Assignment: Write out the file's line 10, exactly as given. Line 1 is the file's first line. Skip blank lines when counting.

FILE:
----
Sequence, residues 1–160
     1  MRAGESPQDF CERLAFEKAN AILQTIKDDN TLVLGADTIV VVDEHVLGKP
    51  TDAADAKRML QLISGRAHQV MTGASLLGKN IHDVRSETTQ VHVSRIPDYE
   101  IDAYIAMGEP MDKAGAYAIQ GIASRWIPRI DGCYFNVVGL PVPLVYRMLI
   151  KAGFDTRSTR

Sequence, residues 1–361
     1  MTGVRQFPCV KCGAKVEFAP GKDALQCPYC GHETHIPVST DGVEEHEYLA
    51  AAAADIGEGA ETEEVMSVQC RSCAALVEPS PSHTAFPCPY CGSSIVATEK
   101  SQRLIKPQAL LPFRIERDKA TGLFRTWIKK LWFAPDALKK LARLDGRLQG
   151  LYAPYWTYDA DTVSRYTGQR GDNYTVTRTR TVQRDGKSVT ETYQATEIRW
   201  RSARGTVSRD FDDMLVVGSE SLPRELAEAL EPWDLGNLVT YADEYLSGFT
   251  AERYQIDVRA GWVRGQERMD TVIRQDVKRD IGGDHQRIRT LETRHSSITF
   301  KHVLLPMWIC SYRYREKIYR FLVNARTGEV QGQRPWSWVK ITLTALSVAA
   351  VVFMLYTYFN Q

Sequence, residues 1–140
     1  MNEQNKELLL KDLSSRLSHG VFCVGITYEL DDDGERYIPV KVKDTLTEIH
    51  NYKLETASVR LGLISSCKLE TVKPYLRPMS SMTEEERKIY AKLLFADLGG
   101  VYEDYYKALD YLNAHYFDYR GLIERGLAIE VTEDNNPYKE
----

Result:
   151  LYAPYWTYDA DTVSRYTGQR GDNYTVTRTR TVQRDGKSVT ETYQATEIRW